• Select the value you want, whether it be suggested retail value, trade in value or private party value
  • If there are multiple trims for your model, select that exact trim
  • The next step is very important. Input the mileage on the car as that can have a big effect on price
  • All of the available features for that trim of that year are listed. Check off any features your car has
  • Select the condition of the car. Most cars are "Good," while five percent of used cars fall in the "Excellent" condition category
  • Your price will be displayed. You can also view the other value types by clicking their names on the same page

Book price blue

What Is The “Kelley Blue Book” Price?

September 30, 2013

Buying a vehicle can be a complicated and involved process, not the least of which is making sure that you don’t pay more for the vehicle than necessary. You want to get it for the best price possible, but how do you do that?

The Kelley Blue Book price is one method consumers can use to determine a fair purchase price. But what, exactly, is the Kelley Blue Book price?

New vehicles

According to Kelley Blue Book, for new vehicles, this is the Kelley Blue Book Fair Purchase Price, which is “the price people are typically paying a dealer for a new car. This price is based on actual new-car transactions and adjusted regularly as market conditions change.”

You find the Kelley Blue Book price by going to their website, and plugging in the year, make, model and other details of the vehicle you’re looking to buy, such as engine, transmission, features and options. After inputting all the data, the site returns the estimated fair purchase price – the price that dealers have actually been selling the vehicle for in the area.

What if the vehicle you’re in the market for doesn’t have a Kelley Blue Book price when you do the lookup? Here’s what Kelley Blue Book says: “Since the Fair Purchase Price is based on actual transactions, some vehicles are too new to establish a history, others have low current dealer inventory, and still others have low sales volume overall.” KBB promises to publish a Fair Purchase Price as soon as there are enough actual transactions for the calculation.

Note that the Kelley Blue Book price is not the same as the dealer asking price. Dealers have a version of Kelley Blue Book that they use that shows the Kelley Blue Book asking price – the price dealers typically ask for when selling the vehicle.

As a consumer, arm yourself with the best information possible on the new vehicle you want to buy. You never want to pay the manufacturer’s suggested retail price (MSRP), what the manufacturer recommends the dealer sell the car for. Dealer invoice is the price the dealer pays the manufacturer for the car, not what he’ll try to sell it to you for. Where you want to be is the Fair Purchase Price – which is less than MSRP and may be less than dealer invoice.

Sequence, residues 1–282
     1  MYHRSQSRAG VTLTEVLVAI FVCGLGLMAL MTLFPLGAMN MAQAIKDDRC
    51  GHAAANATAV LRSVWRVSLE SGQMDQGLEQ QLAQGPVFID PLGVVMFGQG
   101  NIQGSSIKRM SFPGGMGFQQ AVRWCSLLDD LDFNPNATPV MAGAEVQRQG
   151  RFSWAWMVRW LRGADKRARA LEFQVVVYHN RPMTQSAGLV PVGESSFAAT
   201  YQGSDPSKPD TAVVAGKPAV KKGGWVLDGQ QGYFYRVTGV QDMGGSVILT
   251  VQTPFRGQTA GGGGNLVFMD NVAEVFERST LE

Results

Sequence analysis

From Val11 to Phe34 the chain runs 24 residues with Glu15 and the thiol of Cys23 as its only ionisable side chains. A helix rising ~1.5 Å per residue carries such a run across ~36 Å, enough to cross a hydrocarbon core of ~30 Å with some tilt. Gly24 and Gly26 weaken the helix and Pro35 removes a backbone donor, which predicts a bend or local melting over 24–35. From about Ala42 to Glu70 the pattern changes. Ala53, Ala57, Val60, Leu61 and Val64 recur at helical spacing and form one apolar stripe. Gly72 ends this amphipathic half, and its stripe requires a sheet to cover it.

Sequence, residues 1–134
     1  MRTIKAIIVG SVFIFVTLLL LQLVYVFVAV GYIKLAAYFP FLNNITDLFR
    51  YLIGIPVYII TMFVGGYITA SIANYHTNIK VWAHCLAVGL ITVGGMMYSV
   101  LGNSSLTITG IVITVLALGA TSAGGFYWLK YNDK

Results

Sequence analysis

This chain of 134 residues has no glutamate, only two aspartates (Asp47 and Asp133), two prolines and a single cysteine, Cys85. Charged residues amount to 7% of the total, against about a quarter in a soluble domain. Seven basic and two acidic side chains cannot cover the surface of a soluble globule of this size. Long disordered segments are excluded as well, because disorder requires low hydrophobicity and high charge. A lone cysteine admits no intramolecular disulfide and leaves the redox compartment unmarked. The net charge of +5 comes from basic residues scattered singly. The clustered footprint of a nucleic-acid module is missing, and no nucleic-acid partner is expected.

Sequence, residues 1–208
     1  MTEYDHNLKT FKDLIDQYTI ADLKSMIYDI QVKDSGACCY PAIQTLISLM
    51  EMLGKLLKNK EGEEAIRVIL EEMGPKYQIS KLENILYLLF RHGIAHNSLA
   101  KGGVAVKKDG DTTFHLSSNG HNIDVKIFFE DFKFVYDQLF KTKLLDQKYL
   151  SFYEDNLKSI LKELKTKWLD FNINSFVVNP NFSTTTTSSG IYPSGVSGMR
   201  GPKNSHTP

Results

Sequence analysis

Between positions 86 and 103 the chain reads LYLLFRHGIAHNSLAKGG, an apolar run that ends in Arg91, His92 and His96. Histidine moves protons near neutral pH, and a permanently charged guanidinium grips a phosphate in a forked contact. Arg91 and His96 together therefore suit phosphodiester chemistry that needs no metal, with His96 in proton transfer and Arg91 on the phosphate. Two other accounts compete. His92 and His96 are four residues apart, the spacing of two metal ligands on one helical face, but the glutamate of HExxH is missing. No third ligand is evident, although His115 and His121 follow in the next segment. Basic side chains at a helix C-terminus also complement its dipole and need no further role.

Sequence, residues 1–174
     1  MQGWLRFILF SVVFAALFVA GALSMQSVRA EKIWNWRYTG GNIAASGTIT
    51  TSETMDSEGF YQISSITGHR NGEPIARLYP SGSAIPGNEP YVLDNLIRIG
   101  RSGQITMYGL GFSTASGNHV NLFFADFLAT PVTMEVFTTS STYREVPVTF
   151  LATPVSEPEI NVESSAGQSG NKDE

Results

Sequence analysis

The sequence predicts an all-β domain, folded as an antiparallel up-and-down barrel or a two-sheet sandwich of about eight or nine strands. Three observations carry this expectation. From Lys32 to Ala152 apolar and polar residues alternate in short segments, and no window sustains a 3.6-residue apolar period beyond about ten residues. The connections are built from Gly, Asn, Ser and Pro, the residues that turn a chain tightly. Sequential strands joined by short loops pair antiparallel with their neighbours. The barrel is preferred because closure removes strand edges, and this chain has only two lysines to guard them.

Used vehicles

Maybe a used vehicle is more in line with your budget. Here, Kelley Blue Book has a tool to help you find used-car values that can give you a better idea what you can expect to pay.

Input the year, make and model of the used car you’re interested in. Add any features or options you want. The search returns three prices: dealer, private party and certified pre-owned trade-in values.

Private party is the amount a consumer can expect to pay when buying a used vehicle from a private party.

Suggested retail (dealer price) is a value that is representative of dealers’ asking prices for a used car. This is a starting point for negotiations between the consumer and the dealer.

Certified Pre-Owned is the value that is representative of dealers’ asking prices for a used car covered by the automaker’s CPO program. Again, this is a starting point for consumer-dealer negotiation.

If you are selling a used vehicle, after inputting year, make, model, mileage, style, features and options, the applicable Kelley Blue Book tool returns private-party and trade-in value.

The private-party value is what you can ask for your vehicle when you sell it yourself. The values returned are for excellent, very good, good and fair condition. According to KBB, 3 percent of used cars are in excellent condition, 23 percent in very good, 50 percent in good, and 18 percent in fair condition.

The trade-in value is what you can expect to get from the dealer when you opt for this method of selling your car. Again, the values returned are for vehicles in excellent, very good, good and fair condition and the same percentages of used cars in such condition apply.

Bottom line: buying or selling a vehicle can be a lot easier if you check out Kelley Blue Book prices before you get too far into the deal.